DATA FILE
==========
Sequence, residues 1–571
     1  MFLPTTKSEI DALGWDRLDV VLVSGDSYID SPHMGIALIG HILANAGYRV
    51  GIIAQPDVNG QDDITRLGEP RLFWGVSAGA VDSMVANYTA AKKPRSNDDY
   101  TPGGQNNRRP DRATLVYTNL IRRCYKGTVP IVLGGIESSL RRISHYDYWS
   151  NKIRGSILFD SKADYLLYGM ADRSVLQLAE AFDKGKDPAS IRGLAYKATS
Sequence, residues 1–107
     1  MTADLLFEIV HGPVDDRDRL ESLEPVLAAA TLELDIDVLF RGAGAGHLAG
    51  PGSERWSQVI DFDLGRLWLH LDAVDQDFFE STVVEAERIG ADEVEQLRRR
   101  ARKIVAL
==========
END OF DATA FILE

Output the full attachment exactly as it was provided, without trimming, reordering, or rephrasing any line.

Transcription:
Sequence, residues 1–571
     1  MFLPTTKSEI DALGWDRLDV VLVSGDSYID SPHMGIALIG HILANAGYRV
    51  GIIAQPDVNG QDDITRLGEP RLFWGVSAGA VDSMVANYTA AKKPRSNDDY
   101  TPGGQNNRRP DRATLVYTNL IRRCYKGTVP IVLGGIESSL RRISHYDYWS
   151  NKIRGSILFD SKADYLLYGM ADRSVLQLAE AFDKGKDPAS IRGLAYKATS
Sequence, residues 1–107
     1  MTADLLFEIV HGPVDDRDRL ESLEPVLAAA TLELDIDVLF RGAGAGHLAG
    51  PGSERWSQVI DFDLGRLWLH LDAVDQDFFE STVVEAERIG ADEVEQLRRR
   101  ARKIVAL